exchange rate dynamics by developing a theoretical framework deprived of any
kind of market frictions. Fabrice Collard and Patrick Fève rely on real indeterminacy that generates self-fulfilling prophecies. They introduce habit persistence
in consumption decisions in an open economy monetary model with a cash-inadvance constraint. They first show that high enough – but still reasonable – values
for habit persistence yield indeterminate equilibria. They however establish that
real indeterminacy is not per se sufficient to generate volatile and persistent fluctuations in exchange rate dynamics. The form of the beliefs matters. When beliefs
are purely extrinsic, the nominal exchange rate essentially mimics the dynamics
of money supply growth and never overshoots. Conversely, when beliefs are sufficiently positively correlated with money supply shock, the model is capable of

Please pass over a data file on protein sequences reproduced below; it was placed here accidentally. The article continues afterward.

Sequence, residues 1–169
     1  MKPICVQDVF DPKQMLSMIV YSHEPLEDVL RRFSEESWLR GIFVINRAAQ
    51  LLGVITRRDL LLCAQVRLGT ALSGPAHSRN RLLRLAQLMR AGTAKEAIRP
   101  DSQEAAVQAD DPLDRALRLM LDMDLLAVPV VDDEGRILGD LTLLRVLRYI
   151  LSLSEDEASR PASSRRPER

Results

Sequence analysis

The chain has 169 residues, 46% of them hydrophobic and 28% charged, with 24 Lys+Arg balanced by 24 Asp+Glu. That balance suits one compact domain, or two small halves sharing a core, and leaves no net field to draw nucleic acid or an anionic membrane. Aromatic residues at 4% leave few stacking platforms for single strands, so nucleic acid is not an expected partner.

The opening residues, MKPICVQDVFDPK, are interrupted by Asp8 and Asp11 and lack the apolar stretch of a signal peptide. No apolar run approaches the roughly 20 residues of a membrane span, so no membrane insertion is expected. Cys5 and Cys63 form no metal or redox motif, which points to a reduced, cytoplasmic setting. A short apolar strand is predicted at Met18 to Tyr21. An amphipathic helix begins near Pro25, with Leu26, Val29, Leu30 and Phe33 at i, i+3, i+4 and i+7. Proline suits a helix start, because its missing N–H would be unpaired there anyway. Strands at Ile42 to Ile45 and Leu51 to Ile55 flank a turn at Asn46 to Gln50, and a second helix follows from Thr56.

generating overshooting and therefore volatility and persistence in exchange rate
dynamics.
The second part of the book uses the general equilibrium frameworks developed in the previous chapters to provide guidelines for the choice of exchange
rate regimes and monetary policies. In Chapter 7, Thepthida Sopraseuth documents business cycle properties across exchange rate regimes in order to identify
the specific impact of exchange rate arrangements on macroeconomic fluctuations. She finds that the consequences of exchange rate arrangements are twofold.
Business cycle properties confirm that the volatility puzzle uncovered by Baxter
and Stockman (1989) and Flood and Rose (1995) is robust: nominal and real
exchange rate volatilities are stabilized by the fixed exchange rate regime with
no corresponding changes in the variability of the macroeconomic aggregates.
There is no apparent systematic relationship between the exchange rate regime
and the volatility of quantities. This conclusion applies to the Bretton Woods